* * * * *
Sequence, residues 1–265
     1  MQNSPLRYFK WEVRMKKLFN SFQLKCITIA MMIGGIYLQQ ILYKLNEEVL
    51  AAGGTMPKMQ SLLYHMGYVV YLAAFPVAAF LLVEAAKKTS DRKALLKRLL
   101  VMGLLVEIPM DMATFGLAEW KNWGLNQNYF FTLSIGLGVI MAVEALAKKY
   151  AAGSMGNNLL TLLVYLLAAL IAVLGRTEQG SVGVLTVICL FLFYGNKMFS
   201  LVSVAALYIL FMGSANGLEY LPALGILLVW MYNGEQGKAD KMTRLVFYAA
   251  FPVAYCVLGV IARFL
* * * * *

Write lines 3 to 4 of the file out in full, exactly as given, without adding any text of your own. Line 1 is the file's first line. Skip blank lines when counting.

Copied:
    51  AAGGTMPKMQ SLLYHMGYVV YLAAFPVAAF LLVEAAKKTS DRKALLKRLL
   101  VMGLLVEIPM DMATFGLAEW KNWGLNQNYF FTLSIGLGVI MAVEALAKKY